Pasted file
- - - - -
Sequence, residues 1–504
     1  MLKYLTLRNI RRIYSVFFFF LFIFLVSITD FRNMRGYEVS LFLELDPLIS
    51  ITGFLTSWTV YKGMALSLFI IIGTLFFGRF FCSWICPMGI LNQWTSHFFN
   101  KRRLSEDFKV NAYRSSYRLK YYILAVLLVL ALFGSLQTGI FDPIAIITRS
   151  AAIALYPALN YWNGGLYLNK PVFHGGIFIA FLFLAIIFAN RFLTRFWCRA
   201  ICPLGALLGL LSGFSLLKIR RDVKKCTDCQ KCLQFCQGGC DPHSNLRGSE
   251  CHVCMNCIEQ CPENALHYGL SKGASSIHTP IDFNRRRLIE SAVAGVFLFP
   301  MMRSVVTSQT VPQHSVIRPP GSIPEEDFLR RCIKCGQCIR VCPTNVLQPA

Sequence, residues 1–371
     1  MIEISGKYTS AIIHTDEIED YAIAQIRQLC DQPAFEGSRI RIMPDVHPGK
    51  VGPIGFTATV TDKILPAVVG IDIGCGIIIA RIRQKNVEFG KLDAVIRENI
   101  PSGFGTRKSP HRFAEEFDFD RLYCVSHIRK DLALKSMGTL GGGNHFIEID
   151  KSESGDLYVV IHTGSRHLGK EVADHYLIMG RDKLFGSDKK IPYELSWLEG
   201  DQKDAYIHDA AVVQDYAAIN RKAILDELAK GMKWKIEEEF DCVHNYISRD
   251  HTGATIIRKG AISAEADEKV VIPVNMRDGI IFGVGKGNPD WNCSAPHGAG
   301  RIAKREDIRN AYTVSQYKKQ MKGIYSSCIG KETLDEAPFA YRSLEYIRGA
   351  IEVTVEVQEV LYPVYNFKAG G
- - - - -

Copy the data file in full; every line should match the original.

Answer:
Sequence, residues 1–504
     1  MLKYLTLRNI RRIYSVFFFF LFIFLVSITD FRNMRGYEVS LFLELDPLIS
    51  ITGFLTSWTV YKGMALSLFI IIGTLFFGRF FCSWICPMGI LNQWTSHFFN
   101  KRRLSEDFKV NAYRSSYRLK YYILAVLLVL ALFGSLQTGI FDPIAIITRS
   151  AAIALYPALN YWNGGLYLNK PVFHGGIFIA FLFLAIIFAN RFLTRFWCRA
   201  ICPLGALLGL LSGFSLLKIR RDVKKCTDCQ KCLQFCQGGC DPHSNLRGSE
   251  CHVCMNCIEQ CPENALHYGL SKGASSIHTP IDFNRRRLIE SAVAGVFLFP
   301  MMRSVVTSQT VPQHSVIRPP GSIPEEDFLR RCIKCGQCIR VCPTNVLQPA

Sequence, residues 1–371
     1  MIEISGKYTS AIIHTDEIED YAIAQIRQLC DQPAFEGSRI RIMPDVHPGK
    51  VGPIGFTATV TDKILPAVVG IDIGCGIIIA RIRQKNVEFG KLDAVIRENI
   101  PSGFGTRKSP HRFAEEFDFD RLYCVSHIRK DLALKSMGTL GGGNHFIEID
   151  KSESGDLYVV IHTGSRHLGK EVADHYLIMG RDKLFGSDKK IPYELSWLEG
   201  DQKDAYIHDA AVVQDYAAIN RKAILDELAK GMKWKIEEEF DCVHNYISRD
   251  HTGATIIRKG AISAEADEKV VIPVNMRDGI IFGVGKGNPD WNCSAPHGAG
   301  RIAKREDIRN AYTVSQYKKQ MKGIYSSCIG KETLDEAPFA YRSLEYIRGA
   351  IEVTVEVQEV LYPVYNFKAG G